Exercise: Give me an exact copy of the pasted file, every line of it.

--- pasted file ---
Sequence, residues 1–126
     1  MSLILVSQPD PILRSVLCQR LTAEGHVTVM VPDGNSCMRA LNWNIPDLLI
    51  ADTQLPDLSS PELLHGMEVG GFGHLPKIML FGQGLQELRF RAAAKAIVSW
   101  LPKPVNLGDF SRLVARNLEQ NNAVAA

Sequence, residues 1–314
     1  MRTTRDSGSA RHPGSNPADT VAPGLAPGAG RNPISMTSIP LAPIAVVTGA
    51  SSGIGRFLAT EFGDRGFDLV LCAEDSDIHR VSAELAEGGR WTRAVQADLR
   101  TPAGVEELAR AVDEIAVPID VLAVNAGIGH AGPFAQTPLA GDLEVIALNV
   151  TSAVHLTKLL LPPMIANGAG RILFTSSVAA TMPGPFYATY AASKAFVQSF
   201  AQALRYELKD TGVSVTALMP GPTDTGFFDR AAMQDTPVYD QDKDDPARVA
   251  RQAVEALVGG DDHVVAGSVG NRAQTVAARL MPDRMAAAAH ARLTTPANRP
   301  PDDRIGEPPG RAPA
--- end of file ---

Sequence, residues 1–126
     1  MSLILVSQPD PILRSVLCQR LTAEGHVTVM VPDGNSCMRA LNWNIPDLLI
    51  ADTQLPDLSS PELLHGMEVG GFGHLPKIML FGQGLQELRF RAAAKAIVSW
   101  LPKPVNLGDF SRLVARNLEQ NNAVAA

Sequence, residues 1–314
     1  MRTTRDSGSA RHPGSNPADT VAPGLAPGAG RNPISMTSIP LAPIAVVTGA
    51  SSGIGRFLAT EFGDRGFDLV LCAEDSDIHR VSAELAEGGR WTRAVQADLR
   101  TPAGVEELAR AVDEIAVPID VLAVNAGIGH AGPFAQTPLA GDLEVIALNV
   151  TSAVHLTKLL LPPMIANGAG RILFTSSVAA TMPGPFYATY AASKAFVQSF
   201  AQALRYELKD TGVSVTALMP GPTDTGFFDR AAMQDTPVYD QDKDDPARVA
   251  RQAVEALVGG DDHVVAGSVG NRAQTVAARL MPDRMAAAAH ARLTTPANRP
   301  PDDRIGEPPG RAPA